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FLASK Liquid Nitrogen Ice Cream in Busan

What is it?

South Korea is a country where you can very easily notice and identify trends–trends in fashion, hairstyles, and yes, FOOD! Every summer there seems to be a new ice cream trend. This year, one of those trends is liquid nitrogen ice cream! Different chains with the same concept are opening up all over Seoul and Busan, and we finally made our way to Nampo-dong in Busan to check out Flask. It looks like a laboratory and the “scientists” even wear white lab coats while they make your ice cream!


Obong English Festival 2014

One of the events I dread the most at my public school is the English speech competition. Kids reading memorized speeches most of them didn’t even write, about boring topics, with robotic hand gestures? No thank you. I’ve always hated judging those, because it just feels so disingenuous and unproductive. But this year, the administration at my school had the good sense to change things up! Instead of an English speech competition, they decided to host an English Festival! Sounds fun, right?


Holding On

I spoke to my parents the other day. My father was criticizing the way my mother cleaned a window, and in the middle of the video call went over to clean it better. I shook my head and commiserated with my mom.

“He’s suddenly so good at cleaning, huh? I wonder if he’ll use his talents on the basement.”

The only place in our house that none of us have any reign over is my father’s basement. He has his lab down there (dental technician), and with the rest of the space are things that he simply refuses to get rid of. Relics of the 90s, video tapes, elliptical machines, rugs and chairs. Convex TV screens and the smell of cardboard. The space is large enough to be a livingroom, and there was a long time when I wanted a spot down there to use as a studio space, but he filled every last crevasse with an empty promise that he would clean it. One day. Someday.


Introducing Expat Extractors, LLC

by Fred Colton

Hey you, over there. Yeah, you—with the hoodie and pit stained T-shirt, hunched over that convenience store ATM seeing if you’ve got enough in the account for a one-way flight back to the motherland.

I’ve seen your type before. You’re one of those infamous night fliers, stealing softly away from Korea as if from a one night stand before sun-up, never to call or Kakao again. And you’re in good company, fellow expat. It turns out that all manner of folks are trying to get off the Korean peninsula, and not just the northern half.

So who are you, sir?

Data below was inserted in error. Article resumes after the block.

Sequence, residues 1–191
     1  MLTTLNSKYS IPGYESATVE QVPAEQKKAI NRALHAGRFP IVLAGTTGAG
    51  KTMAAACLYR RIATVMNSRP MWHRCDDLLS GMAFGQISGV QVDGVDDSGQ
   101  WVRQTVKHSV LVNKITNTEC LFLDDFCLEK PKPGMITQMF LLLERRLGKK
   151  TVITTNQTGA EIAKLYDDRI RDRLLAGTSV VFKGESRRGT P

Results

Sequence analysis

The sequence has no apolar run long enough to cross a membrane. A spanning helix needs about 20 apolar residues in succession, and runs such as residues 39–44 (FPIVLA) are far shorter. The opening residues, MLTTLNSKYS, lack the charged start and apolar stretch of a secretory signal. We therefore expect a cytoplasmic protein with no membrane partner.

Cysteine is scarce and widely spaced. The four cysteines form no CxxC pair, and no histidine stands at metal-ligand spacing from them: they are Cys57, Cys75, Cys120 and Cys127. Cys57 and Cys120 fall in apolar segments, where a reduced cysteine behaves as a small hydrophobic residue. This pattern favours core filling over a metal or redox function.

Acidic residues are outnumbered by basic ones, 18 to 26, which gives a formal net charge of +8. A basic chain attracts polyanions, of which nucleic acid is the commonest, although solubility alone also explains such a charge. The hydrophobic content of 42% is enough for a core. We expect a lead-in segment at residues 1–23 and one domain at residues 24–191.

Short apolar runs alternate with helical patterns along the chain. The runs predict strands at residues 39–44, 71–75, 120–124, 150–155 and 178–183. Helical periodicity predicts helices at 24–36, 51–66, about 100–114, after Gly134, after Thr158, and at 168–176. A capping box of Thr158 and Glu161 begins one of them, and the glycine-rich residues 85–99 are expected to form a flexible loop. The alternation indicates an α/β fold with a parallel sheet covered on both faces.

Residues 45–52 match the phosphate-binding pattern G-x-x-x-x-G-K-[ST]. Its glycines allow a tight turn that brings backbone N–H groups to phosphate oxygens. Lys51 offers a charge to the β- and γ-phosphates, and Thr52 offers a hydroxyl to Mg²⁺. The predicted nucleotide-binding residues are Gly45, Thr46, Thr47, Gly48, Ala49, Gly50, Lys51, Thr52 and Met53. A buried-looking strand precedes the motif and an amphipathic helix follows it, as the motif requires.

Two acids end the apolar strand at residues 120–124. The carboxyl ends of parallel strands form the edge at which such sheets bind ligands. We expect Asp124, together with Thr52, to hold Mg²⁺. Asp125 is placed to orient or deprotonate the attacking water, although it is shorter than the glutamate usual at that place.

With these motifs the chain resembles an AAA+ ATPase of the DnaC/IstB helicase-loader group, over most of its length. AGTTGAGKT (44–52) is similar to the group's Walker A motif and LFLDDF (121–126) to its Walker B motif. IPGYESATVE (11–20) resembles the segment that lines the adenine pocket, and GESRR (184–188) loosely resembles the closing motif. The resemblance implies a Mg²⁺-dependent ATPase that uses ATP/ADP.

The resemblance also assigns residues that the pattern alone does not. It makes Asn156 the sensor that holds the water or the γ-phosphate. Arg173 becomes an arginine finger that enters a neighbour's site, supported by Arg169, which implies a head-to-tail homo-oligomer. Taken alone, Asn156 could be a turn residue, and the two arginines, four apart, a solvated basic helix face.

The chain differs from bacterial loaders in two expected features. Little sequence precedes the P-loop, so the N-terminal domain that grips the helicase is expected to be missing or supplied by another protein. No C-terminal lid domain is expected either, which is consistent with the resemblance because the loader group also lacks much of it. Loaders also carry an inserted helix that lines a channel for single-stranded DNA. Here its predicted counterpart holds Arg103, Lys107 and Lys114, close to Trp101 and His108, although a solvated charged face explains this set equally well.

-Maybe you’re an ESL teacher, a hagwon hustler, who’s found the job to be a brutal, futile one, like dumping water into a bucket with holes in it?


Jirisan National Park

“The mountain of the odd and wise people”


Busan's Hidden Gem

With a spread of vividly colorful houses sitting atop a seaside cliff, Taegeukdo Village in Busan (aka Gamcheon Culture Village) looks more like the scenery you’d expect to find in South America or along the shores of coastal Italy even, not South Korea.

This stark contrast to the ultra sleek buildings found in Gangnam, the pale high rise industrial-esque residential apartment towers that swallow most of Seoul and even the traditional Korean Hanok homes, has made the area a popular sightseeing destination for locals and foreigners over the years.

The village, originally formed in 1918 as a community for followers of the Taegeukdo religion, and later refugees during the Korean War, derives it’s name from the ‘taegeuk’ – more commonly known to westerners as the yin and yang symbols, which represent the balance of the universe.


10 Things In Korea That I’ll Never, Ever Do

by Mr. Motgol

I wrote this  piece a few years back, and while a few things have changed since then, most have not. As it is currently boshingtang eating season, not to mention Mudfest time, I thought that a re-post may be apropos. I’ve made a few small revisions. Enjoy. And don’t take it too seriously.

I like living in Korea. I’ve been here for almost ten years now, so if I hated it, I would have split a long time ago. I like hiking, I like the food, I like riding my motorcycle, checking out the street markets, and drinking my ass off. It’s a crowded crazy little place and I’ve grown to love it, for better or for worse. Plus, the girls are bangin’ hot. I should know: I married one.


How to prepare for English Camp


Late Night Revelations on Korea Made Over GS25 Sandwiches

Ignorance breeds contempt. It seems obvious (and sounds like something I’ve heard before), yet when you’re away from your “normal” lifestyle, it can be easy to keep thinking in the way you’ve been thinking before entering your new normal. And that alone can help to shift how one thinks, both in this normal and the normal you’ll eventually return to.

Huh? Let me try to explain.

I come from a family of complainers. Whether it was something in society or in an annoying commercial, our gut reactions have always been to complain about it. Because that feels like we’re doing something about it. “I obviously am against this, and will show my disapproval of it to someone else who is against it by bitching about it.” But, that’s where action usually ended.


Searching for the Rabbit Monk at 표충사

We went searching for the rabbit monk at 표충사 Pyochungsa and played in the river!

The Inspiration

One of our new hobbies is traveling to lesser-known temples by car! Before we had the car, we often went to obscure temples with Dale from Dale’s Korean Temple Adventures. He took us to some amazing temples that not many foreigners have been too, and we felt so lucky to be friends with him and live in the same neighborhood! Eventually, we wanted to adventure on our own, but every time we’d scope out a new temple on Dale’s site, it usually said it’s only accessible by car!


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